Rarely does a news event so grip our nation as does the great medical debate, and it is no surprise the Republicans found no resolution.
That is because we have an economic problem that simply has no political solution.
Most Democrats really want a single payer, government health system. Republicans would really prefer a totally private system.
What we have both in Obama care and the replacement plan that failed to muster party consensus is a combination. The truth is there is no affordable plan possible. The cost is simply unaffordable.
As a result it now looks as if Obamacare will continue, and that isn’t all bad. Either it will work or it will crash completely. Time will tell.
One way or another health care will continue to be rationed. Take your pick: A private third payer system some of us cannot afford; a public “take care of everyone” system the government can’t afford.
[mks_pullquote align=”right” width=”300″ size=”24″ bg_color=”#ffffff” txt_color=”#000000″]One way or another health care will continue to be rationed. Take your pick: A private third payer system some of us cannot afford; a public “take care of everyone” system the government can’t afford.[/mks_pullquote]
The public system works for many countries today, perhaps most.
But most countries seem to have governments that have found a way to run a postal service, operate rail passenger service, and have the ability to let the good guys in and keep the bad guys out.
Government in our country has a record of failure in just about every business they try to operate. Tax collection? Farm assistance programs? Worst of all it can’t pay its bills, and faces a good possibility of bankruptcy.
Is there any business they can efficiently operate? I’m not aware of it.
When we were kids medicine didn’t include nursing home care, birth control, abortion, the whole array of diagnostic tools with names that end in “scans”, designer drugs, open heart and other complex surgeries.
New technologies are wonderful, but our human obsession with living as close as possible to forever has driven the cost beyond availability for all of us.
The longer we live the more it costs to keep us alive.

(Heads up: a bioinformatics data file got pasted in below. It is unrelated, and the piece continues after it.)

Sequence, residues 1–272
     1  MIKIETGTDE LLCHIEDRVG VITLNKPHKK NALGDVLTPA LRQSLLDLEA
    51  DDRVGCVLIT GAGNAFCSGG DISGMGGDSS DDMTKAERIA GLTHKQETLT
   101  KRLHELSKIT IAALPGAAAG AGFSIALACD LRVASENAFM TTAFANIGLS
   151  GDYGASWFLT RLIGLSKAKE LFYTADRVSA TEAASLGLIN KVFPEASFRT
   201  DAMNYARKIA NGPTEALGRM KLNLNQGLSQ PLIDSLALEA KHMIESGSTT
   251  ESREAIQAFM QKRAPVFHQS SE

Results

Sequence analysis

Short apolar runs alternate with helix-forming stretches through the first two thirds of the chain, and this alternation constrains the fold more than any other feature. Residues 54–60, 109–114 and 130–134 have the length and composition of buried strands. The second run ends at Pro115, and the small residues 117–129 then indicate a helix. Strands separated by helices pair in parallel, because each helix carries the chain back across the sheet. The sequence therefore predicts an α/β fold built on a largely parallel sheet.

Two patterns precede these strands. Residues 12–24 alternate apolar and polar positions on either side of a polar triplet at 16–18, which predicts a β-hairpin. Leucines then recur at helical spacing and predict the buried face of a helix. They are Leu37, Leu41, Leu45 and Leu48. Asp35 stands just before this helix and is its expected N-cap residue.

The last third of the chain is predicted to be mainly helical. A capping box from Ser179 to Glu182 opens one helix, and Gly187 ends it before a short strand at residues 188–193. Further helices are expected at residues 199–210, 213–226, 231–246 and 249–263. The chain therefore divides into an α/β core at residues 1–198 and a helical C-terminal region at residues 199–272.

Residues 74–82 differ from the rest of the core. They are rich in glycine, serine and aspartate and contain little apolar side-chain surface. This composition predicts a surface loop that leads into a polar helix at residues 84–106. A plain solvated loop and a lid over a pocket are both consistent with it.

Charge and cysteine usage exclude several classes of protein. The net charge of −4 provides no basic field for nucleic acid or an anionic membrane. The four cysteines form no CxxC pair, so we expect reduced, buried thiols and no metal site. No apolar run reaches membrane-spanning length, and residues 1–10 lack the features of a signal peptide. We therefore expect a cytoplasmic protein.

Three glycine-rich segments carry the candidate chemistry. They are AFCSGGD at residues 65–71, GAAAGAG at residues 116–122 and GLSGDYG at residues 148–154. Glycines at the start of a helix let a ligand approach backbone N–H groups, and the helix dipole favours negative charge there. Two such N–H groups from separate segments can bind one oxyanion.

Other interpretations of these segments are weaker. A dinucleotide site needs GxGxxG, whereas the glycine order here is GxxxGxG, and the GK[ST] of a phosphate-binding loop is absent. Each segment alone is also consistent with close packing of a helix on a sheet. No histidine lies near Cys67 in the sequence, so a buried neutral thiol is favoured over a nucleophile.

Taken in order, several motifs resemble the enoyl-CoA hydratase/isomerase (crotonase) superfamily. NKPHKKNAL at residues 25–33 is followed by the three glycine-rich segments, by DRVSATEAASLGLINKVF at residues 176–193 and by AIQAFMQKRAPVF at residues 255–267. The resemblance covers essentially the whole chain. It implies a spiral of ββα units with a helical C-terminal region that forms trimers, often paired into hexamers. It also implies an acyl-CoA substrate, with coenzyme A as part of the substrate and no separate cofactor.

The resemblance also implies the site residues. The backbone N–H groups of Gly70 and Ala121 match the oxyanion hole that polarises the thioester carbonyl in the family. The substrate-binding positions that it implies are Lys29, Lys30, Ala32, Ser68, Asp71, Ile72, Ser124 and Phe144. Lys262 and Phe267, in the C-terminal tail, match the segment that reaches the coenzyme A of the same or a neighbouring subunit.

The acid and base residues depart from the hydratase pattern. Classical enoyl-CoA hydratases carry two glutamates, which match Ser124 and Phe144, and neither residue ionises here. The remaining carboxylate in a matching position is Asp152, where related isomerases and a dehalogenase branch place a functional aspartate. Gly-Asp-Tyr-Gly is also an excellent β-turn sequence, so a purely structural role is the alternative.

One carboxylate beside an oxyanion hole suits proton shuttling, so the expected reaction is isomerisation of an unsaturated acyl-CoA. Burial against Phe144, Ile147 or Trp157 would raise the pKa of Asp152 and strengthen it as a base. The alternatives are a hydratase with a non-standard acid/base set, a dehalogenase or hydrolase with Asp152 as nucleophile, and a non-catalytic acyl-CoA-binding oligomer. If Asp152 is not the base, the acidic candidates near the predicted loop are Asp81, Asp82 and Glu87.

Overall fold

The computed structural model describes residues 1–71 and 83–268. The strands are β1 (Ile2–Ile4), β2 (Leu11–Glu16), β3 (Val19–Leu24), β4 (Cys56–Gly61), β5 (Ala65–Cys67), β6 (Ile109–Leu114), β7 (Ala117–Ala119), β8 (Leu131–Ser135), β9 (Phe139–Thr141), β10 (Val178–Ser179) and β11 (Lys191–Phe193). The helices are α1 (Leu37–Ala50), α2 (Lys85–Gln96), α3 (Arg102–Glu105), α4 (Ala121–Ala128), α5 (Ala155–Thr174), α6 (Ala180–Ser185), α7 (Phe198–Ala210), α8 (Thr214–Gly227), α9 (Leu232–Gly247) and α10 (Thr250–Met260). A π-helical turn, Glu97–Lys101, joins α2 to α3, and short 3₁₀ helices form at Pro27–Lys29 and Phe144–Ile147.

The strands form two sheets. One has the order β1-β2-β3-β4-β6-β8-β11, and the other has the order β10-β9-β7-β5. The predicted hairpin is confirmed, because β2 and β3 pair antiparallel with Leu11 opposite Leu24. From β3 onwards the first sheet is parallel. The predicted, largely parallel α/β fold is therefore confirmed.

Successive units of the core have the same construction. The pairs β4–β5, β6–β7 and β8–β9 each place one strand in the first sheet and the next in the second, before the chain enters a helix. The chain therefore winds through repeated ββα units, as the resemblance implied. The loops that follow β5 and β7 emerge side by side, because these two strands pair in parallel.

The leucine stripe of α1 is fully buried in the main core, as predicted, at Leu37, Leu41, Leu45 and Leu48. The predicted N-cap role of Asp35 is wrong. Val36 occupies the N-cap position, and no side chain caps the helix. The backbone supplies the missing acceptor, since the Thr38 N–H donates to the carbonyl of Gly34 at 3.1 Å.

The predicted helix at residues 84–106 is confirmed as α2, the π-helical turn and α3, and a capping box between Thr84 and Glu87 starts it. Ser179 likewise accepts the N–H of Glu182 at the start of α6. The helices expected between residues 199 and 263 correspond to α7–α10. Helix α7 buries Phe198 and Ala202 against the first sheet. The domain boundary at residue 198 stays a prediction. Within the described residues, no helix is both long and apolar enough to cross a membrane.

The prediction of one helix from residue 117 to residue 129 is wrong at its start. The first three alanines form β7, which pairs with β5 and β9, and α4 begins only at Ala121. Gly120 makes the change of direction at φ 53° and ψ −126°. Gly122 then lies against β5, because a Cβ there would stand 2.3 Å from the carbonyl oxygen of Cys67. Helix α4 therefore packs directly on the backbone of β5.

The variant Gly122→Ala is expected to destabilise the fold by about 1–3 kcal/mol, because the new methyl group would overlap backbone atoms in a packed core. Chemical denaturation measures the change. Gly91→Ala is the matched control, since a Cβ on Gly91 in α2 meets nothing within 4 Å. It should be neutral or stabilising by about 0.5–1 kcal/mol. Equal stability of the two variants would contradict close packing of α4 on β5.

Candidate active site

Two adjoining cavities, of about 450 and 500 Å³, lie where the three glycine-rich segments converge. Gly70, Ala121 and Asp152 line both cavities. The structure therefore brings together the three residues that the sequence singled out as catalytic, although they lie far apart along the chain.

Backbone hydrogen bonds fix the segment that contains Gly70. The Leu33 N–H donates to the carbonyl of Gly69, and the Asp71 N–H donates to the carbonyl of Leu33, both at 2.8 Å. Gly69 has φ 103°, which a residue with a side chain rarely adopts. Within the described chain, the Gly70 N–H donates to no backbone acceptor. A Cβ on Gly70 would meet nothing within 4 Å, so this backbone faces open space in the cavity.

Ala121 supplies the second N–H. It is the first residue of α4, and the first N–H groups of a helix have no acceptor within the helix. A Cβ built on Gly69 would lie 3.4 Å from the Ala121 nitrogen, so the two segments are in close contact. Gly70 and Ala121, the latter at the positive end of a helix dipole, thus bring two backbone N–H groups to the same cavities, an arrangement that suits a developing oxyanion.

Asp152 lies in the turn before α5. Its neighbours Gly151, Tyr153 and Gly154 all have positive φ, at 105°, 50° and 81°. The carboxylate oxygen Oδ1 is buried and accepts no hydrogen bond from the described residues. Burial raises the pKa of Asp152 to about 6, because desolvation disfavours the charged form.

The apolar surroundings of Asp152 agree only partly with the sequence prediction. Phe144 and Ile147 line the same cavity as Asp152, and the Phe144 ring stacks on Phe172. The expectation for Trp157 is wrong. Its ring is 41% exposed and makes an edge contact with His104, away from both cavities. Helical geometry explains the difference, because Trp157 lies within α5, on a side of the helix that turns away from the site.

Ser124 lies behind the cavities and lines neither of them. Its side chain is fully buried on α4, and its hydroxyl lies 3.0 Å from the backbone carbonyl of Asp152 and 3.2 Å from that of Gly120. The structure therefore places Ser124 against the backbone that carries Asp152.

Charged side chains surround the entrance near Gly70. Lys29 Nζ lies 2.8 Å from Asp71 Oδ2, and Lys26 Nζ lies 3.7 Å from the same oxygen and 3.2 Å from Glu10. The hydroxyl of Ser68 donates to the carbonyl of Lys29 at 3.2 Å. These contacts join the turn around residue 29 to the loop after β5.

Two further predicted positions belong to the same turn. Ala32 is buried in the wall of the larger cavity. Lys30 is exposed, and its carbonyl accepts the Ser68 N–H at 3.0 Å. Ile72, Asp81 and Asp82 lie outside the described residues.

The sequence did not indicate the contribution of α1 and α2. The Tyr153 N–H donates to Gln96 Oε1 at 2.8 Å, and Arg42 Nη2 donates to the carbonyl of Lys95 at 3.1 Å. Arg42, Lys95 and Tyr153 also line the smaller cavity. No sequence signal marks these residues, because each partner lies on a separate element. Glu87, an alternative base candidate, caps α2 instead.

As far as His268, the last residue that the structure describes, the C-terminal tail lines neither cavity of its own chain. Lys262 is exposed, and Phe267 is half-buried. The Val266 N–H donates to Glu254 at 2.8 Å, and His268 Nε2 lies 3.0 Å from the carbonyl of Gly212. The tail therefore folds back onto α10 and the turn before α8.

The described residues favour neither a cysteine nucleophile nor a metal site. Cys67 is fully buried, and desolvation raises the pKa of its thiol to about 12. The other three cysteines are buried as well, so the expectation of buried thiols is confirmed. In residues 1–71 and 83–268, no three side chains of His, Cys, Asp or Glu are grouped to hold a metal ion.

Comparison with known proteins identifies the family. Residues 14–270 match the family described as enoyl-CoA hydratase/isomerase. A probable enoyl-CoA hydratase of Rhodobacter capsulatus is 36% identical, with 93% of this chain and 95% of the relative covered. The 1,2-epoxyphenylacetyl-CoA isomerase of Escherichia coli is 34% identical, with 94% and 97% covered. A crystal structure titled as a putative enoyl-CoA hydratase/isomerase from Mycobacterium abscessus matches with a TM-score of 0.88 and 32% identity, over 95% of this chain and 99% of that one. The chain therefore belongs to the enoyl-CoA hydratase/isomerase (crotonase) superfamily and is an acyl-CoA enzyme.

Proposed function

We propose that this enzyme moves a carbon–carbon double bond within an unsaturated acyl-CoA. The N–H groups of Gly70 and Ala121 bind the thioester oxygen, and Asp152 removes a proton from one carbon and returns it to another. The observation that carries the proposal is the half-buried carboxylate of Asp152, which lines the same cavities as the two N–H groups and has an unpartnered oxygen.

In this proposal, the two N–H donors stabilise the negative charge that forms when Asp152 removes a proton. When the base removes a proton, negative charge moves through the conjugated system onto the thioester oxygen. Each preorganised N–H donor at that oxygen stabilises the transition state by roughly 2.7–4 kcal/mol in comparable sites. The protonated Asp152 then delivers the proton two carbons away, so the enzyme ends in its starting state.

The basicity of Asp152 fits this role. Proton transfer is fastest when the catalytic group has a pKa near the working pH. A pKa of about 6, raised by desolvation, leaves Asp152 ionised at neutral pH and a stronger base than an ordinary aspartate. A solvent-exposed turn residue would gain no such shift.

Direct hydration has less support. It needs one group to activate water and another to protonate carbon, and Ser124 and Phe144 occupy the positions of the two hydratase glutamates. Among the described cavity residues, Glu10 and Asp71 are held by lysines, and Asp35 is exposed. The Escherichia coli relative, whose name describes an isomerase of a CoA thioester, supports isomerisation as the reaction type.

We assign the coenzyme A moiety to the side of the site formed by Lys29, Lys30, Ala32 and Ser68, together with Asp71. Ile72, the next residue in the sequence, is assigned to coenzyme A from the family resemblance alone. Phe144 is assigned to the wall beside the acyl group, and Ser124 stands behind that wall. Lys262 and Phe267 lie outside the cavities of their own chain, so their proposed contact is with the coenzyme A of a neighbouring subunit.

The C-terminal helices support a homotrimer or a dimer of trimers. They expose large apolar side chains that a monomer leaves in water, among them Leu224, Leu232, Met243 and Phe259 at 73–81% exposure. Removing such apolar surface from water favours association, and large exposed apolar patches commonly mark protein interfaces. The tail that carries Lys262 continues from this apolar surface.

So it will likely be continued by some form of rationing — unaffordable to some, unavailable to some, more difficult to access, or some other limiting factor we won’t like.
I had a friend in Saskatchewan who needed open heart surgery. It required a wait of about eight months, and he died during the wait. That’s another rather unique form of rationing.
This is an awful subject.
Daddy, I need it!
I can still remember the plea of my children, when something they desperately wanted was rebuffed.
It’s going on today with the Trump budget that proposes to prioritize military and infrastructure spending over a raft of programs that have become sacred cows to many or most of us.
“But daddy, we need the Endowment for the Arts, we need public broadcasting, we need more public health, we need meals on wheels.”
I certainly agree with them. I can’t imagine life without them. I hope Congress rebuffs some of the president’s proposals.
But the larger question is, must taxpayers pay the bills for these entities?
I donate a thousand dollars a year to public broadcasting. It’s that important to me, and I can afford it. If it gets opted out of federal spending by Washington I will likely increase my gift to help make up the balance.
It is largely the more affluent who have this need in their lives for the National Endowment for the Arts. I suspect there are arts endowment supporters who might do the same.
Meals on wheels fills an important niche. I think it will continue, with or without federal support.
The Fargo community where I live deals as best as it can with refugees and homeless people with little or no federal support.
We do have so many nice federally-supported programs that if they must, will find a way. And if they can’t, maybe they shouldn’t.
After all, you and I are mostly making it on our own, and the last time our federal government was paying all of its bills without borrowing is something like 20 years ago.
When my children were young I remember telling them, America is a most wonderful place. Chances are you can have anything you really want — but that doesn’t mean you can have everything you want.